HIV-positive status poses a unique set of social stressors, especially among lesbian, gay, and bisexual (LGB) persons. Among these difficulties are the internalization of HIV-related stigma and poor mental health. Unfortunately, substance use as a coping mechanism is also common, dependent on other demographic factors, among HIV-positive and LGB samples. The present study integrates these bodies of literature by examining main and interactive effects of HIV-related experiences (i.e., disclosure of HIV-positive status, fear of disclosure, HIV-related victimization, and internalized HIV-related stigma) and substance-related coping with discrimination as they impact mental health (i.e., stress, anxiety, depressive symptoms, and suicide and self-injury proneness). Participants were 216 HIV-positive LGB community members from an urban community medical clinic. Prominent results included: (1) robust negative effects of internalized HIV-related stigma on all mental health indicators when controlling for other HIV-related experiences and (2) a significant interaction in which substance-related coping significantly increases suicide proneness, only for those who have disclosed HIV-positive status to family or friends. Results are discussed with respect to theoretical perspectives of internalized stigma, implications for clinical work with LGB persons of HIV-positive status, and future research.

  6. Neurological manifestations in HIV positive patients in Tehran, Iran

    Directory of Open Access Journals (Sweden)

    Minoo Mohraz

    2014-02-01

    Full Text Available Objective: To evaluate the neurological complications among Iranian HIV-positive patients. Methods: This cross-sectional study was conducted among 428 patients diagnosed with HIV infection between 2006 and 2009 at Imam Khomeini hospital, Tehran, Iran. Demographic and clinical variables as well as laboratory tests were extracted and analyzed. Also, another 100 patients refereed to Voluntary Counseling and Testing center of the hospital were visited and evaluated for neurological complications. Results: Among the patients, neurologic manifestations were observed in 34 (7.94% patients. Twenty three percent of the patients received antiretroviral therapy. Identified causes included brain toxoplasmosis (14.7%, progressive multi-focal leuko encephalopathy (5.9%, HIV encephalopathy (5.9%, TB meningitis (5% and unknown etiologies (11.8%. Also, among 100 patients who were admitted and visited at the Voluntary Counseling and Testing center, no one was diagnosed for any neurological manifestations. Conclusions: According to our results, toxoplasmosis is the most frequent cause of neurological conditions among Iranian HIV infected patients and should be considered in any HIV/AIDS patient with neurological manifestations.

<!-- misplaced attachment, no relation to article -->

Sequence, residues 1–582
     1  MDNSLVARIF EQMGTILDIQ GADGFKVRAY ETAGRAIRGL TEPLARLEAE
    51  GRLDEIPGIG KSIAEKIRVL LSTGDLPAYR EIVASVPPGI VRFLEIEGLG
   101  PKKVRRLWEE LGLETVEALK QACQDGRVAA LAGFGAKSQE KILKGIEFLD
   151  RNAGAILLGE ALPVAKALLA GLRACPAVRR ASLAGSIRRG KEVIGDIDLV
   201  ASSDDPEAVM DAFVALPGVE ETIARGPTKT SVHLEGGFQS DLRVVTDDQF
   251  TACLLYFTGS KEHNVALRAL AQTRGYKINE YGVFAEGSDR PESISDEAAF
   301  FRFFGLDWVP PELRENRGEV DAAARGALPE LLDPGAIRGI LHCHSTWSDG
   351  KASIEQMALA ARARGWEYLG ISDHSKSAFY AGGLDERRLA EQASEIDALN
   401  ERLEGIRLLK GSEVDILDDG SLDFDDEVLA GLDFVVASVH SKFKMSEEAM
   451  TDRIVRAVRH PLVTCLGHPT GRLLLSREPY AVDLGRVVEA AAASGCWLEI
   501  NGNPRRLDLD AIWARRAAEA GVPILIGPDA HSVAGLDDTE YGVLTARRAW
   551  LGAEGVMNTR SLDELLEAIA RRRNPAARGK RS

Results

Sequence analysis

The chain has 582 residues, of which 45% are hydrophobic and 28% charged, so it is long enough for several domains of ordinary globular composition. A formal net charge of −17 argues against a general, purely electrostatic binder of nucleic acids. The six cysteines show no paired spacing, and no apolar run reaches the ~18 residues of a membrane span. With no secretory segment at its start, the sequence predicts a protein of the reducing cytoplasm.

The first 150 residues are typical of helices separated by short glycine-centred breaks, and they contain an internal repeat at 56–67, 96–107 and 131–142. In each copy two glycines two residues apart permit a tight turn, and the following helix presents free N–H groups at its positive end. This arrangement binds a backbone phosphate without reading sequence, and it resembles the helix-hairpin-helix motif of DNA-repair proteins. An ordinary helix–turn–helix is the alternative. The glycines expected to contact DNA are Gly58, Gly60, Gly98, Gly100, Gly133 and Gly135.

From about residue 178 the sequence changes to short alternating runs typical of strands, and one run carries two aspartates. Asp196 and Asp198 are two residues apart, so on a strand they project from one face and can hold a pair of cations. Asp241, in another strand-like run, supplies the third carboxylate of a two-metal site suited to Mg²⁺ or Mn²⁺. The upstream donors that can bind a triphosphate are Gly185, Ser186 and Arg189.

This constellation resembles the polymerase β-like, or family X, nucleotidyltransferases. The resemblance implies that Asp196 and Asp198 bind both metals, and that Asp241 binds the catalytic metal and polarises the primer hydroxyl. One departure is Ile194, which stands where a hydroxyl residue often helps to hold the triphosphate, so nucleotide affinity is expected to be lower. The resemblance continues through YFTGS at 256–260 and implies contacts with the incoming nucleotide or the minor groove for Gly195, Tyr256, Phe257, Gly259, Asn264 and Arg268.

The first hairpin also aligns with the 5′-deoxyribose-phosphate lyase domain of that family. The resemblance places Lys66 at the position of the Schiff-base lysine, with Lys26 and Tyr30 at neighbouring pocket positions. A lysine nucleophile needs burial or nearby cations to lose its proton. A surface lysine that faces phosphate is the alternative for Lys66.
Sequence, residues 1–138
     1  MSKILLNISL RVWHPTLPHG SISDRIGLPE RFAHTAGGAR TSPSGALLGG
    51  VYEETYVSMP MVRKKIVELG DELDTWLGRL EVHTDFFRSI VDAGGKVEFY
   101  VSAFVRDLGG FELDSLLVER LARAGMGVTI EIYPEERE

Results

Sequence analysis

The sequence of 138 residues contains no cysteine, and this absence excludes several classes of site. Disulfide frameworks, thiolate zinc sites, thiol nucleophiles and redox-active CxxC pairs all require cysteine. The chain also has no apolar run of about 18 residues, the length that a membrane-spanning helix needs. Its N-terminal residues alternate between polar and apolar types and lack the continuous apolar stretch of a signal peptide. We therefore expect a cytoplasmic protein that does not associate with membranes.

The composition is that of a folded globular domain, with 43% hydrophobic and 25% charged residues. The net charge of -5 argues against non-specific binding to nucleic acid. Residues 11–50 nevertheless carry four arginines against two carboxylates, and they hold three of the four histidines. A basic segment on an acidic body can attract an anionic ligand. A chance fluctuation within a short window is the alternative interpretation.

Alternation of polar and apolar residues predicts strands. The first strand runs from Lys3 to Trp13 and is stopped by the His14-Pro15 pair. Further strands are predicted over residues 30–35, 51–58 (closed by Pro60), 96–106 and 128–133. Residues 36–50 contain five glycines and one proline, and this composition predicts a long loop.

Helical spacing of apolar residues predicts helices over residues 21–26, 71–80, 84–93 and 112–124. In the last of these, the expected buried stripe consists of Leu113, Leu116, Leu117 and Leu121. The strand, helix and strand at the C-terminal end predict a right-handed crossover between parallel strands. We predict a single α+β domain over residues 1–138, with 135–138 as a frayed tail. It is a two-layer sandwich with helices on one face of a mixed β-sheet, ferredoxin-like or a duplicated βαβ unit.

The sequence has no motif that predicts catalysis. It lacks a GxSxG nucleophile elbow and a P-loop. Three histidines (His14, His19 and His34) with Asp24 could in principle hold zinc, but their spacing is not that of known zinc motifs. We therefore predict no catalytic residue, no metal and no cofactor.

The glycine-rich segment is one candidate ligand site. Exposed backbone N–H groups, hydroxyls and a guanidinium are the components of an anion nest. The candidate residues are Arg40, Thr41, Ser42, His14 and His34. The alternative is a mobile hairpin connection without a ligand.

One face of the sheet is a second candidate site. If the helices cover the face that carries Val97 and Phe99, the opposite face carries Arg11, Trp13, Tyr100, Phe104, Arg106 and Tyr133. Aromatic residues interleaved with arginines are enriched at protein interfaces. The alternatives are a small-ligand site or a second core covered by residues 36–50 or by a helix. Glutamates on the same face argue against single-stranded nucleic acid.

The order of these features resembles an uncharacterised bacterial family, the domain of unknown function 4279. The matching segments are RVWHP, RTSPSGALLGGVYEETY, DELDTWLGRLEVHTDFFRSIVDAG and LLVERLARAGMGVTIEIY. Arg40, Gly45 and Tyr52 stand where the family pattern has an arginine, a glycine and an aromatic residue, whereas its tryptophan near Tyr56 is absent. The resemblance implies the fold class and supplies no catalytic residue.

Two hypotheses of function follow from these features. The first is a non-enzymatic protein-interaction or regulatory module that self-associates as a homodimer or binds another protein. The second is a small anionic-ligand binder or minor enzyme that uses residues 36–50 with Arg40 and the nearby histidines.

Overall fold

7. Successful treatment of syphilitic uveitis in HIV-positive patients

    Directory of Open Access Journals (Sweden)

    Nurfahzura MJ

    2013-08-01

    Full Text Available Mohd-Jamil Nurfahzura,1–3 Hashim Hanizasurana,1 Embong Zunaina,2,3 Hussein Adil2,3 1Department of Ophthalmology, Hospital Selayang, Lebuhraya Selayang-Kepong, Selangor, Malaysia; 2Department of Ophthalmology, School of Medical Sciences, Universiti Sains Malaysia, Kelantan, Malaysia; 3Hospital Universiti Sains Malaysia, Jalan Raja Perempuan Zainab II, Kelantan, Malaysia Abstract: We report successful treatment of syphilitic uveitis in a case series of three Human immunodeficiency virus (HIV-positive patients at Malaysia's Selayang Hospital eye clinic. All three patients with syphilitic uveitis were male, aged from 23 to 35 years old, with a history of high-risk behaviors. Of the patients, two presented with blurring of vision and only one patient presented with floaters in the affected eye. Ocular examination revealed intermediate uveitis (case 1 and case 3 and panuveitis (case 2. Each patient showed a high Venereal Disease Research Laboratory (VDRL titer at presentation and they were also newly diagnosed as HIV positive with variable CD4 counts. All three patients responded well to a neurosyphilis regimen of intravenous penicillin G. At 3 months posttreatment, there was reduction in VDRL titer with improvement of vision in the affected eye. Diagnosis of syphilis needs to be ruled out in all cases of uveitis. All syphilitic uveitis cases should have HIV screening and vice versa, as syphilis is one of the most common infectious diseases associated with HIV-positive patients. Early detection and treatment are important for a good visual outcome. Keywords: syphilitic uveitis, penicillin, neurosyphilis, HIV-positive patient